Emergency Plans- what do I need to do?
Emergency Planning can be complicated or as simple as you need it to be. The most important thing to remember is that things always go smoother in an emergency if you have thought about what you are going to do before the emergency occurs. This article explores the reasons why you need an Emergency Plan, what is contained in an Emergency Plan as well as what training is required.
Why do I need an Emergency Plan?
Division 4 – Emergency Plans, Clause 43 – Duty to Prepare, Implement and Maintain Emergency Plans from the Work Health & Safety Regulations (SA) 2012 state that “a person conducting a business.. must ensure that an emergency plan is prepared for the workplace, that provides.. an effective response to an emergency”. This is a requirement, not an option! Failure to comply can result in fines of up to $30,000 being issued to the business and fines of $6,000 to an individual.
The building regulations references a list of Essential Safety Provisions contained in Ministers Specification SA76. This specification is called into law through the Development Regulations. This specification is used as a range of measures that can be selected from by a Building Certifier when approving a building for construction.
Clause 3.1 Emergency Evacuation Procedures from the Minsters Specification SA76 requires Emergency Plans to be prepared for all Class 9a buildings – health care buildings.
To find out if it is a requirement for your building ask your local Council for the Essential Service Provisions.
The American President Benjamin Franklin is supposedly once to have said that “if you fail to plan, you are planning to fail”.
The preparation and testing of an Emergency Plan is one way to ensure that when the worst happens you are prepared and the negative impacts from the situation are minimised.
If you fail to plan for an emergency then when one does occur the impact is likely to be catastrophic.
A business acquaintance of mine once had a heart attack at work, because the client had been trained on how to respond to such an emergency his life was saved. What would have happened if the client wasn’t prepared? Could you have saved his life? If unsure then now is the time to either prepare your Emergency Plan, undertake training or review your Emergency Plan!
Emergency Plan – Evacuation Diagram – what’s the difference?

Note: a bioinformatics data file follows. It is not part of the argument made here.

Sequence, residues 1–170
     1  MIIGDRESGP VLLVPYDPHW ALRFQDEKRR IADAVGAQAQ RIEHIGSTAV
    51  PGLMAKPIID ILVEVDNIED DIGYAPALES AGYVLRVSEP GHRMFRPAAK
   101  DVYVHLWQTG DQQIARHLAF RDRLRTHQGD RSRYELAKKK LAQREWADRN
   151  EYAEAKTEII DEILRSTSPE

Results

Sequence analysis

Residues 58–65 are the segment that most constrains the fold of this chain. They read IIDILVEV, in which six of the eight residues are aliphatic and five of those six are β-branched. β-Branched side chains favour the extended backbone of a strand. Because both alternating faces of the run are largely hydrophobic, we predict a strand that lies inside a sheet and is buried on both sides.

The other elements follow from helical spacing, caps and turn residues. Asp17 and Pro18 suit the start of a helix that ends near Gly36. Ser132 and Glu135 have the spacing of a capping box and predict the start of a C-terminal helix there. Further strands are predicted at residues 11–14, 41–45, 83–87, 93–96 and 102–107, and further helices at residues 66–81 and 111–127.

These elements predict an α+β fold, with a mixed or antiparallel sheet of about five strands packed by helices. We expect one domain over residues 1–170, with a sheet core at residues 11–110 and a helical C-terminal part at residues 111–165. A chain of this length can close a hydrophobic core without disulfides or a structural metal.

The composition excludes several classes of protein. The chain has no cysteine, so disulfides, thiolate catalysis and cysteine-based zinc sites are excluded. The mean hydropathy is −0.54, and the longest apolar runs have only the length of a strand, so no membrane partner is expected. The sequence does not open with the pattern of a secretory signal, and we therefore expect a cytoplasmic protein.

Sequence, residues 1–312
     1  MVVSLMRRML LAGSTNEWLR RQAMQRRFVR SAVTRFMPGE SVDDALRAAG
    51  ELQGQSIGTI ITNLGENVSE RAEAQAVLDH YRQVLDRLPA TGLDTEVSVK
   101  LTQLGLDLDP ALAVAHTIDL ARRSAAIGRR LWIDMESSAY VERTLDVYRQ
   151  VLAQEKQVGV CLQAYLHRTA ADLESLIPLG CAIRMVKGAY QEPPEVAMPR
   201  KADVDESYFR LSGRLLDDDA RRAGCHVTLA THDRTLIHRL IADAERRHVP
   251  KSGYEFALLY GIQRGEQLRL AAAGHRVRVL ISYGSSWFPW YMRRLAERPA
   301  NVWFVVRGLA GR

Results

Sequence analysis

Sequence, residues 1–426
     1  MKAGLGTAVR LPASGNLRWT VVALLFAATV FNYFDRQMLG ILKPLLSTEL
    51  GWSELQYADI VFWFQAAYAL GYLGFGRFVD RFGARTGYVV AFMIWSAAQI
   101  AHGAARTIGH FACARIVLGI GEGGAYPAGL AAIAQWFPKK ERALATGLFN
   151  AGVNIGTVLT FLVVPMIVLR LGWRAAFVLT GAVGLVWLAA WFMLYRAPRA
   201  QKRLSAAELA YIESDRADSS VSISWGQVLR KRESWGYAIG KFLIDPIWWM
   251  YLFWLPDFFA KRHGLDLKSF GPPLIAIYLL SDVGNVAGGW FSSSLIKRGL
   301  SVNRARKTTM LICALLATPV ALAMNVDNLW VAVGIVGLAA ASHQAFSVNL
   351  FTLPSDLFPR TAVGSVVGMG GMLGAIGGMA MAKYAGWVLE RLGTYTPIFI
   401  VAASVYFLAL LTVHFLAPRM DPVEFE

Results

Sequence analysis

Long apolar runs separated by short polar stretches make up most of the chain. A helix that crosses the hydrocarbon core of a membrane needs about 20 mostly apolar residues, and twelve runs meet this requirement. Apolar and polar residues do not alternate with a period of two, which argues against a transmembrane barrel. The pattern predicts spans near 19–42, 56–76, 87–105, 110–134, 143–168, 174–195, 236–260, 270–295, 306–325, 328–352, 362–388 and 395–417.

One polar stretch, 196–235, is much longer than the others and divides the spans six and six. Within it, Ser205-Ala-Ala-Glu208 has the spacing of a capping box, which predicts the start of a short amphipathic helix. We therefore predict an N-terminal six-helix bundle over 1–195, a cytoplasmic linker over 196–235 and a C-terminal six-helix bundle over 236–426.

We often get asked if we can prepare an Evacuation Plan for a client to put on the wall. Australian Standard AS 3745 Emergency Control Organization and Procedures for Buildings, Structures and Workplaces defines two main documents
- Emergency Plan – Is a set of procedures that document the response to be taken to a range of foreseeable emergencies such as fire, bomb threat, personal injury, personal threat etc.
- Evacuation Diagrams – a diagram displayed at prominent locations that outlines the evacuation paths and summarises the response by staff and visitors when evacuating the workplace.
What does an Emergency Plan contain?
An Emergency Plan documents the procedures that occur in an emergency. The Australian Standard designed to assist in the preparation of an Emergency Plan is AS 3745 Emergency Control Organization and Procedures for Buildings, Structures and Workplaces.
Before starting to prepare the physical responses to the plan a new organisational structure needs to be defined for who has authority during an emergency – the Emergency Control Organisation (ECO). The senior managers in a company are often not available to control the organisations response to an emergency, as a result other staff may be given the role of Chief Warden, Wardens and First Aid Officers with a range of authority.
For Example the Chief Warden is in charge of the workplace during an emergency until Emergency Services such as the Metropolitan Fire Service attend. This may include instructing the business owner or senior staff to take certain actions. It is this authority that needs to be clearly defined in the Emergency Plan.